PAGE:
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FIA tweak 2018 engine penalty rules as limit of three remains

Written by  Dec 08, 2017

The FIA has announced a minor tweak to how the engine penalty system will work in 2018, as the President of the governing body, Jean Todt insisted nothing can be done about the tighter restrictions.

The whole debate about engines continues to rage with Red Bull boss Christian Horner particularly unhappy at the change from four complete power units in 2017, to just three internal combustion engines, turbochargers and MGU-H's next year with only two MGU-K's, energy stores and control electronics.

Though Horner made efforts to try and increase the total at least back to four, opposition by Ferrari meant the unanimous support needed was not possible and that's why Todt said they were powerless to stop the change.

"It is something that was decided," explained Todt. "Some people are still thinking, why don't we have one engine for the whole championship?

"It is not something that is new. It was decided years ago for 2018. We had some meetings with teams and the way the regulations are made and the governance are made, to decide now to go back to four engines, or let's go back, we need to be in 100% agreement and we don't get 100% agreement, so we are down to three engines."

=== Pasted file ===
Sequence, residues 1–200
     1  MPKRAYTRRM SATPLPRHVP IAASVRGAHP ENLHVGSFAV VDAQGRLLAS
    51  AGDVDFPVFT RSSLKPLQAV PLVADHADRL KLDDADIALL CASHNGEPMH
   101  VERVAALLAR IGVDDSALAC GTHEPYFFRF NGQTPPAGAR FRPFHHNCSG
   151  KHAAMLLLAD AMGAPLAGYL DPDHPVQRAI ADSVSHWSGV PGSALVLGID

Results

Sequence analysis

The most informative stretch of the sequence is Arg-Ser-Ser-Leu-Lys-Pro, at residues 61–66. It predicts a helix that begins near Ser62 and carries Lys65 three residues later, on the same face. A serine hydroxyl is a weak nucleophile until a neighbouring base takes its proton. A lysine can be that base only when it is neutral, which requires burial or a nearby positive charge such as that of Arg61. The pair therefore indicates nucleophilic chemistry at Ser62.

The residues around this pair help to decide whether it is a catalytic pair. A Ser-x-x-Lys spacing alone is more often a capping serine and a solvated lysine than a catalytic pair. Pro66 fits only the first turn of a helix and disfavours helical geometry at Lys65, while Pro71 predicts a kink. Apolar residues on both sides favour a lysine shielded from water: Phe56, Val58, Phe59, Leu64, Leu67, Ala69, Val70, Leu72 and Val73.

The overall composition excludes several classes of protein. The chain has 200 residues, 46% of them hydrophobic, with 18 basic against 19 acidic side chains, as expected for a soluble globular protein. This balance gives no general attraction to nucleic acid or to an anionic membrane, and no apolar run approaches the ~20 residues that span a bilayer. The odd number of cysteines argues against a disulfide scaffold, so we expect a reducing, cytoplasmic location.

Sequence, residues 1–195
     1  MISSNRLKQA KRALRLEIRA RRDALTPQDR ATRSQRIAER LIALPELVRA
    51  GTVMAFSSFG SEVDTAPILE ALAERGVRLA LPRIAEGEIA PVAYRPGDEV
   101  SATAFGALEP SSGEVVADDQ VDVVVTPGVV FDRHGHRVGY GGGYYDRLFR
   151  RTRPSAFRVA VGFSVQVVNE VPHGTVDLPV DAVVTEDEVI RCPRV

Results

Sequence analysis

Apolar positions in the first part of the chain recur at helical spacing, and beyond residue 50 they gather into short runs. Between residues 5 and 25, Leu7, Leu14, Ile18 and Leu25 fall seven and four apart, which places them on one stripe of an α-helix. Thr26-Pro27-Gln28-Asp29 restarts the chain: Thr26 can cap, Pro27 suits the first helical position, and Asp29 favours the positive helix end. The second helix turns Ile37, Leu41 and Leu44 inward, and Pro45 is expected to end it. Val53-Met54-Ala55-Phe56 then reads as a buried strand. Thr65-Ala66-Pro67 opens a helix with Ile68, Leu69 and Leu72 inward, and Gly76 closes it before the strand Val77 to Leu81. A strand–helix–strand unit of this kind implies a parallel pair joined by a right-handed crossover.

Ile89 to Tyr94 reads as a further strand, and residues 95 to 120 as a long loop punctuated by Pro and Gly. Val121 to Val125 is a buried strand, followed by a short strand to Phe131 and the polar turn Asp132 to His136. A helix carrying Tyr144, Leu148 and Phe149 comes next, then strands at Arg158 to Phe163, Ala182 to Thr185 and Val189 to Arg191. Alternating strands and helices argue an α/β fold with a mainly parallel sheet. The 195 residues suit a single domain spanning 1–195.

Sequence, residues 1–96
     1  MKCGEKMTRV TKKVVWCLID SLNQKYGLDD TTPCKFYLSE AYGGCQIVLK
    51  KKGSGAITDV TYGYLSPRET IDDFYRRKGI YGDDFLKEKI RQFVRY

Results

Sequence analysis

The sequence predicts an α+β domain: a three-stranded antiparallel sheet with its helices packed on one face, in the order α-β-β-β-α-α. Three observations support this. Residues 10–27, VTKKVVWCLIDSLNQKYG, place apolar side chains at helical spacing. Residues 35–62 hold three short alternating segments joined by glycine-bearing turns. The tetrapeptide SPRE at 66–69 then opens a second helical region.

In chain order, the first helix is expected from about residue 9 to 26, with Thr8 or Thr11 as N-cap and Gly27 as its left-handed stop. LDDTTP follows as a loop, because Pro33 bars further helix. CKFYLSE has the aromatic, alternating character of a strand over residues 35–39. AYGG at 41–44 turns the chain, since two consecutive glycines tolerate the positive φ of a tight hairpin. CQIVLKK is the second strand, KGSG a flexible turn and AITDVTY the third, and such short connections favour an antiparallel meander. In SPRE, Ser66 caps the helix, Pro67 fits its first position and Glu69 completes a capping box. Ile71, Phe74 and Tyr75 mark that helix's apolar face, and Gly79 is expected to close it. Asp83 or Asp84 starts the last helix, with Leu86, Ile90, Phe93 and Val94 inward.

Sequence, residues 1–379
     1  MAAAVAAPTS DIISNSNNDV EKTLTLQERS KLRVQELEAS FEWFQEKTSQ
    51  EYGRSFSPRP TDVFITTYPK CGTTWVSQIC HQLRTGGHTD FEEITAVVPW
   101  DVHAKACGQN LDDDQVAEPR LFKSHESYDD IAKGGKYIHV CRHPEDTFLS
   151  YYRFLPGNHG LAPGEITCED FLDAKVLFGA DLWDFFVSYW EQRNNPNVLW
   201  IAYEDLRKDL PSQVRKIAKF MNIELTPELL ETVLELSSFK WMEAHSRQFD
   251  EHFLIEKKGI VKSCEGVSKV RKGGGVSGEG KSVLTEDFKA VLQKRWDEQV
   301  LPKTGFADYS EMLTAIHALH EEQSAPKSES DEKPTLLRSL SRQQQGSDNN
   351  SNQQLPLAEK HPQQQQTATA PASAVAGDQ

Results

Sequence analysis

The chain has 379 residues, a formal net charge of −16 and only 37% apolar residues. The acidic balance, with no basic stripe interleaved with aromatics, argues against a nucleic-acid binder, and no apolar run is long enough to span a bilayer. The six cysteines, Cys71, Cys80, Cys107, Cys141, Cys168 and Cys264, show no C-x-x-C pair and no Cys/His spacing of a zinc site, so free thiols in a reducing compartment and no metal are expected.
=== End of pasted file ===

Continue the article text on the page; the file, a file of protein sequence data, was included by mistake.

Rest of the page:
There are fears the lower limits will mean even more grid penalties, with only a handful managing to complete this season without surpassing the restrictions. So bad was the situation that at some races, driver's didn't even know where they were starting with so much confusion over how it worked but an effort to simplify has been made.

At a meeting of the World Motor Sport Council on Wednesday, it was agreed any driver who accumulates at least 15 grid positions will automatically drop to the back of the grid regardless of where they qualify. Should more than one driver fall foul of this rule then it would be determined by the order of which the penalty was handed out.

"I don't feel it is easy to find the right solution," Todt said of the current rules. "[But] if you don't do anything - it will be more expensive to buy the engines.

"For the FIA to decide that you don't have a limited amount of engines, it won't be a problem, but it would be a problem for the competitors."

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